Have your parents ever embarrassed you? I'm talking about something they did to you when you were a kid? My dad was forever putting me on display. Every time we had company, he would make me sit down at the piano to play the latest song I'd learned.
Or he would haul out the Bible (King James Version) and pick out something for me to read. Of course it was never something that would be easy and familiar. He liked to pick passages from Judges or Lamentations. Or once I started memorizing Bible verses, he would stop the conversation at the dinner table, snap out a reference, "John 3:16!" and I was supposed to quote the Bible verse for him.
Once he knew that I could carry a tune--and sing harmony--then I was expected to sing duets for the church services. The more complicated the better. And as a teenager, I played the piano for church. Dad played the violin. More duets.
I'm not angry with my Dad. But I know him very well. And I know that he would find it irresistible to brag about his daughter the writer. The trouble in this case is that what I write is not exactly the type of thing he could brag about. So that explains my decision not to tell him about my late life career. Unfair though it may be, congregations tend to tar ministers with their children's sins. In this case, it would possibly mean a loss of income for my retired parents--a loss that they can ill afford.
On the other hand, after living with a parent that was anxious to showcase his kids, I determined that I would never do that to my own children. I love them. I'm proud of them. I'll gladly support them through thick and thin. But I refuse to live my life through their accomplishments. I especially never asked them to perform.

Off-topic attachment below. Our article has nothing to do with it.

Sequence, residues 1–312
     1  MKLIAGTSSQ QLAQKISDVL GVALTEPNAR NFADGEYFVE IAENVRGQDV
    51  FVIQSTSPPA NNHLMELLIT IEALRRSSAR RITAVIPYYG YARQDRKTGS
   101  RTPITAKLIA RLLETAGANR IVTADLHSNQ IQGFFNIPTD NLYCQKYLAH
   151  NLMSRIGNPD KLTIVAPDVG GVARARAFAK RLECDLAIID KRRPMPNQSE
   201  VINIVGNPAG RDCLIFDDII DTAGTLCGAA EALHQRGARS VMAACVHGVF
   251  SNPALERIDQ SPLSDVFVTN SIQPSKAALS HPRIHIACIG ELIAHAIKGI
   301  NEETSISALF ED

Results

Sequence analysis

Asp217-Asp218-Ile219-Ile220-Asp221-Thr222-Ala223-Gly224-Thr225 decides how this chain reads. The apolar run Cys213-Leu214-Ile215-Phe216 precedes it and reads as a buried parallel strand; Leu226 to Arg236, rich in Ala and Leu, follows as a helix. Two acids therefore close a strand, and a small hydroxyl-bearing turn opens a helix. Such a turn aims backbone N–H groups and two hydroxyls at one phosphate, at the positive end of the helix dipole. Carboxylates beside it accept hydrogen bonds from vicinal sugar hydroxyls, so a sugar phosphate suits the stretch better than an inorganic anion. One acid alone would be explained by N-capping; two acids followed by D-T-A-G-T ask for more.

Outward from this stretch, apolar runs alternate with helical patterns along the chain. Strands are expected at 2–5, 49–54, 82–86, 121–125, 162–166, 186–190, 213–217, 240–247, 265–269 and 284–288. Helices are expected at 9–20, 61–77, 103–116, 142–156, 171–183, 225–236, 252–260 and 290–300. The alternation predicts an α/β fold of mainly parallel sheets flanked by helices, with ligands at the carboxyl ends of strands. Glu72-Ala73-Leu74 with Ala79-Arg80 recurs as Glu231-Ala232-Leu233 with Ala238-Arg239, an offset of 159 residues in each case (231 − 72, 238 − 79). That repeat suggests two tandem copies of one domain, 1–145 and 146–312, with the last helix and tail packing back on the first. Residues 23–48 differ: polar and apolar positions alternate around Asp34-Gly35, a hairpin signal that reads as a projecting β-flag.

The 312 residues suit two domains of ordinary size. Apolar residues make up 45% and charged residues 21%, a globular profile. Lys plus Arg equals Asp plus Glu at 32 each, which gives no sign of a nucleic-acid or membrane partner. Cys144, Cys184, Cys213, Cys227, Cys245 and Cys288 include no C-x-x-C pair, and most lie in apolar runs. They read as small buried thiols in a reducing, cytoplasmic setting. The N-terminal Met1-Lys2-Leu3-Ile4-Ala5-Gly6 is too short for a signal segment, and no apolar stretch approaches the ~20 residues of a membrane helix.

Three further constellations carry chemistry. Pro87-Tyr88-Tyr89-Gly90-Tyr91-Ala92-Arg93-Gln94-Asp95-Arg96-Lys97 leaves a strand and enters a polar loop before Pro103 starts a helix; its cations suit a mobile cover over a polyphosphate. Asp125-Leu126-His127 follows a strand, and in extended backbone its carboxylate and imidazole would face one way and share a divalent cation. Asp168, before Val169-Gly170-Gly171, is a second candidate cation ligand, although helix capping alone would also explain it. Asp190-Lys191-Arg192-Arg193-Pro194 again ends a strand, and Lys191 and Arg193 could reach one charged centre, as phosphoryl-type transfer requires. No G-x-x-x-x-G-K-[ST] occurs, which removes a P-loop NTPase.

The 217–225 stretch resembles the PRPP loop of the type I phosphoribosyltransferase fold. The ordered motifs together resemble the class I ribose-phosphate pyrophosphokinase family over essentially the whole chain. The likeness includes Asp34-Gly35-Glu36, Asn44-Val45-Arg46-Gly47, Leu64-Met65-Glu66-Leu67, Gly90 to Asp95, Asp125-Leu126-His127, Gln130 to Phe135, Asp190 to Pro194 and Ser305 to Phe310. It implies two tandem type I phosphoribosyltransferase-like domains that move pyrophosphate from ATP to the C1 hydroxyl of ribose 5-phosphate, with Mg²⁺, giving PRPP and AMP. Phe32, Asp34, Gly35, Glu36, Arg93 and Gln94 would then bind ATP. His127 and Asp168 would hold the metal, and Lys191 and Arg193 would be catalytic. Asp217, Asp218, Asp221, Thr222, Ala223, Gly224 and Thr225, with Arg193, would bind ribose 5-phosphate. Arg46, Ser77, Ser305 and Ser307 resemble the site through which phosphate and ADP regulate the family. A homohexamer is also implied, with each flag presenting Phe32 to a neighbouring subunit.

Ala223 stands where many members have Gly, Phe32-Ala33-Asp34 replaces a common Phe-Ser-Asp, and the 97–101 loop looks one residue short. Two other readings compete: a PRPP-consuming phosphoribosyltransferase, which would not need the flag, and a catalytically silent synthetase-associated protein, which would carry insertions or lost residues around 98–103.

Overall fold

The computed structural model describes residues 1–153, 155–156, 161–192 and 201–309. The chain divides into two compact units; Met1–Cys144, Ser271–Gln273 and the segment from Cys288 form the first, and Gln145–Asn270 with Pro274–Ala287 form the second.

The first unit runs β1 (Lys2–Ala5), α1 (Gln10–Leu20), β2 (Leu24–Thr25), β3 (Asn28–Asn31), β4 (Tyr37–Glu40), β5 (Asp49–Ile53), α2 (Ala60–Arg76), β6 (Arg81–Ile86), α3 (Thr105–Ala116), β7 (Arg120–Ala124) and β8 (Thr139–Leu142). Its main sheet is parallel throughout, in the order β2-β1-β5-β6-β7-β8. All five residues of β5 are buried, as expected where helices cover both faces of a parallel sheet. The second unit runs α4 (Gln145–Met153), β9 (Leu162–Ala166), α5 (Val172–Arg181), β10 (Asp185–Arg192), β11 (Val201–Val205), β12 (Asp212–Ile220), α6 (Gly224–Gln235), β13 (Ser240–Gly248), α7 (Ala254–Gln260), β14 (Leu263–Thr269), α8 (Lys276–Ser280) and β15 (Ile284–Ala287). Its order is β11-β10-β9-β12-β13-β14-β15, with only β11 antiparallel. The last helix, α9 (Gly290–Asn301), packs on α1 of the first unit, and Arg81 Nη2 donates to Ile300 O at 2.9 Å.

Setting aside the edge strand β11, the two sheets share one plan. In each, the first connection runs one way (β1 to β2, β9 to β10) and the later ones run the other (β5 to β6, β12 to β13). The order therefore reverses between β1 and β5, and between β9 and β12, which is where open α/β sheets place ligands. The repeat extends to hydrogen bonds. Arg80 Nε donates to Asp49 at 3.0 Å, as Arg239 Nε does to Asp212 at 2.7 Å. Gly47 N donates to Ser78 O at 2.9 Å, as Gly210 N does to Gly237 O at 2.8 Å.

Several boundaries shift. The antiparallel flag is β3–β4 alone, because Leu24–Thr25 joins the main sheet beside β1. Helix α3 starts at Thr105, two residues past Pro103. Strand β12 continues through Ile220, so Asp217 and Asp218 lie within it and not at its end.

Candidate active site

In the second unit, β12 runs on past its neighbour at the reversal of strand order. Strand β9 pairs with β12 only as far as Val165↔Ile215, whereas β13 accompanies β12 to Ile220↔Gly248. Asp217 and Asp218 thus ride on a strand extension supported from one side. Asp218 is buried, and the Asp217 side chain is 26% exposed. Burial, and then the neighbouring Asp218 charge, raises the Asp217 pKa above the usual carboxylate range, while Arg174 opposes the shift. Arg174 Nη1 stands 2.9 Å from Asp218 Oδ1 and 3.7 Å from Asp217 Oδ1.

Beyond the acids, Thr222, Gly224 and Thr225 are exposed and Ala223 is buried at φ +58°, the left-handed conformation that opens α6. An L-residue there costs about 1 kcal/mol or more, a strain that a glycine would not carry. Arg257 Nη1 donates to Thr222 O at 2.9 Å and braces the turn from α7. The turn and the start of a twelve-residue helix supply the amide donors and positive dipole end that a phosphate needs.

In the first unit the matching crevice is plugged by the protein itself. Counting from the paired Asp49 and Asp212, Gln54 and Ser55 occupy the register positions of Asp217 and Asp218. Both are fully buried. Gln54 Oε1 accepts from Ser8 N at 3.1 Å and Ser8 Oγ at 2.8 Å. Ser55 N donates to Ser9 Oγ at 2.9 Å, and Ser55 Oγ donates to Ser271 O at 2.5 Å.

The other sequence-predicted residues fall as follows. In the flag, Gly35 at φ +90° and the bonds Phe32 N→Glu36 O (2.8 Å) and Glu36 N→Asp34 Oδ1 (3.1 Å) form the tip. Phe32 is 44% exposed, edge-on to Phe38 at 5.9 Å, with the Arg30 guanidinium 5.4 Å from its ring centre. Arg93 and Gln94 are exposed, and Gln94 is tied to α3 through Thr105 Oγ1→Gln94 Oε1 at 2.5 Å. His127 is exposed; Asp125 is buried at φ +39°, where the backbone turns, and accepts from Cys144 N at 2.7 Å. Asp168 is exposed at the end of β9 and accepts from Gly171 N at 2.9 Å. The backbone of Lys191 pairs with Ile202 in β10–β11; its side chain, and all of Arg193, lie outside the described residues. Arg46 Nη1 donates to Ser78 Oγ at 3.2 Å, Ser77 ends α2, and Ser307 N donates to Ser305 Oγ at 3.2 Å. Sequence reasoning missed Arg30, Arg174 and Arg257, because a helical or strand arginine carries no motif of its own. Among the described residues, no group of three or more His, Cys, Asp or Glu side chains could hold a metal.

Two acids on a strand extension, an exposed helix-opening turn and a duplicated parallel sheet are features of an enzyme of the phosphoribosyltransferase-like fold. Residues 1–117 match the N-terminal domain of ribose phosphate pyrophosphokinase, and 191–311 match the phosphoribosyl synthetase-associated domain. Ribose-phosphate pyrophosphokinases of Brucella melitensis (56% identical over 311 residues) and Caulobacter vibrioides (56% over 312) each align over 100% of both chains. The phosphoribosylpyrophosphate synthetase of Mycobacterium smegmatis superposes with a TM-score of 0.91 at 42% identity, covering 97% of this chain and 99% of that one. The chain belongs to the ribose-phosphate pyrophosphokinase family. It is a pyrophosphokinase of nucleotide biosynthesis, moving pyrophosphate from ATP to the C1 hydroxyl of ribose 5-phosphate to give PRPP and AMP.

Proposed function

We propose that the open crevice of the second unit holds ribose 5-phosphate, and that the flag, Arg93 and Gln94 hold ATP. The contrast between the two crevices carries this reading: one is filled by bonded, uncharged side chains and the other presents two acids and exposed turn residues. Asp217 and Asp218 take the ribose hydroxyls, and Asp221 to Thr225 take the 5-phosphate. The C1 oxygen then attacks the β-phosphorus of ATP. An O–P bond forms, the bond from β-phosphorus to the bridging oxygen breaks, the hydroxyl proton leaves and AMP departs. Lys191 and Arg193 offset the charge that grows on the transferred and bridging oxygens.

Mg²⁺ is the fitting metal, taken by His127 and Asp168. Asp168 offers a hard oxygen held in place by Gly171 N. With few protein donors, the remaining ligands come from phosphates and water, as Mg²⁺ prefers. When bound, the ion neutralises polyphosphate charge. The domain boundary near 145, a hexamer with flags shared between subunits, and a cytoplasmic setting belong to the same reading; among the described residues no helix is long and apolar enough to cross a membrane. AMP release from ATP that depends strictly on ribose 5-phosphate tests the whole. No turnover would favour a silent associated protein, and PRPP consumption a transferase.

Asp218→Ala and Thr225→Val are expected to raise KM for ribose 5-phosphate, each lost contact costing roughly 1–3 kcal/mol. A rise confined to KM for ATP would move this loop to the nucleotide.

There was a nursery rhyme that had my real name in it. My dad was forever spouting out that little rhyme. Now that I actively hated. I asked him not to do it, but I think he never quite caught just how much I despised it. To this day, whenever we meet, I know that is one of the things I will hear.
And I swore that I would never do that do my kids either. Actually, each one of my kids went through a phase when they asked to be called something other than the name they'd been called since birth. Sort of like naming your kid William but calling him Billy. Around twelve or thirteen, they would announce that they wanted to be called Will. Okay. I felt that there are real reasons why kids want to change their names. And they should have the right to be called whatever they want--within reason.
I think that embarrassment at the hands of a parent is far worse than any other kind. It leaves a mark on us that we never quite erase. Whether it's a remark in public about our choice of clothing or our behavior or our accomplishments, it leaves a blemish on our heart and soul. That's the kind of baggage that we never unload. We may shift it to a new spot so that it's easier to cart around. But it's still there.